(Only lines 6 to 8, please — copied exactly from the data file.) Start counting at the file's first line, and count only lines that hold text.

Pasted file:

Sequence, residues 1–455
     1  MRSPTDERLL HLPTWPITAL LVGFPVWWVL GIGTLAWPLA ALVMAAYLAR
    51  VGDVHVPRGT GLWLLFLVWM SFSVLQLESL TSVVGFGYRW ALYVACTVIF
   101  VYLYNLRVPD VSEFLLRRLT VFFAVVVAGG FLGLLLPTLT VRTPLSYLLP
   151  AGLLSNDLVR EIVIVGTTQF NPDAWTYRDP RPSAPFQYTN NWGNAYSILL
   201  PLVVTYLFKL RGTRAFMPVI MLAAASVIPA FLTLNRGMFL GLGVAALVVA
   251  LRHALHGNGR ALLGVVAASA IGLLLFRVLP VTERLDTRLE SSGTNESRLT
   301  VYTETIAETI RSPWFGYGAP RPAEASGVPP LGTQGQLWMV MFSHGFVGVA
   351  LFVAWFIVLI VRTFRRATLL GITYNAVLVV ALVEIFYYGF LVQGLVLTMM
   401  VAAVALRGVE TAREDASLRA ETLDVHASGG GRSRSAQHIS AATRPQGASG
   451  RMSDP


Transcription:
   201  PLVVTYLFKL RGTRAFMPVI MLAAASVIPA FLTLNRGMFL GLGVAALVVA
   251  LRHALHGNGR ALLGVVAASA IGLLLFRVLP VTERLDTRLE SSGTNESRLT
   301  VYTETIAETI RSPWFGYGAP RPAEASGVPP LGTQGQLWMV MFSHGFVGVA